I taught a yoga class at an Elementary school on the other day and, toward the end of class, while they were lying on their backs for a pose, I asked them to look at the ceiling and notice new things they had not seen before. We sat down and shared what they noticed. When performing the pose on the second side, I asked them to look at the ceiling again, notice what their friends shared and maybe even notice other things no one had mentioned. We then sat and shared some more, giving a chance to those who did not share anything on the first side. Of course, about two of them never shared anything because they were distracted with their hair or looking at their neighbor during that time. For adults, I tend to ask them to focus on feelings and sensations in their bodies while in the poses. For teenagers, I would recommend something in bICS_WP_20150126_002etween the two examples I just mentioned.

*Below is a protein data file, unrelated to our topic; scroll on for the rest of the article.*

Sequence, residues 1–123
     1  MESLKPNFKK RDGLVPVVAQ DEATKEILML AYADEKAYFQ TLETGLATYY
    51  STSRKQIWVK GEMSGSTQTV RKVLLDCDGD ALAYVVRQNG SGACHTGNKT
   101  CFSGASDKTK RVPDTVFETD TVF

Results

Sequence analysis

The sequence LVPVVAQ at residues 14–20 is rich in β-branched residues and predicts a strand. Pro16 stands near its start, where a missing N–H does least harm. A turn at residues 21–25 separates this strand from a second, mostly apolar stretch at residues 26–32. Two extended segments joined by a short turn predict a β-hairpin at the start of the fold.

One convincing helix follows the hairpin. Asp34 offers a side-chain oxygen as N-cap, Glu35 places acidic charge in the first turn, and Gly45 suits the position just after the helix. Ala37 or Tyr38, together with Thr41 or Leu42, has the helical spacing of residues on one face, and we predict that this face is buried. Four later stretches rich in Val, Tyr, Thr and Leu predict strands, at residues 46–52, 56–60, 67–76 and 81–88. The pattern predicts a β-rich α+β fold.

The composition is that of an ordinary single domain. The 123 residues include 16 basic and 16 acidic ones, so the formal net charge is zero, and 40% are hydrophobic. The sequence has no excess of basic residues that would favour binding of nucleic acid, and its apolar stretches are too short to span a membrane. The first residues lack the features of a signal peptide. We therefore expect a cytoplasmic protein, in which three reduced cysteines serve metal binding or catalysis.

I came across an article today and thought it was worth mentioning here. Check out item #4 suggesting to drop the expectations, just like I mentioned in the second paragraph above. This article is geared toward parents, but I believe it can help kids yoga instructors get an idea or two on how to implement mindfulness in their classes. http://www.huffingtonpost.com/monisha-vasa/teaching-kids-mindfulness_b_6458950.html

“The ability to be in the present moment is a major component of mental wellness.” – Abraham Maslow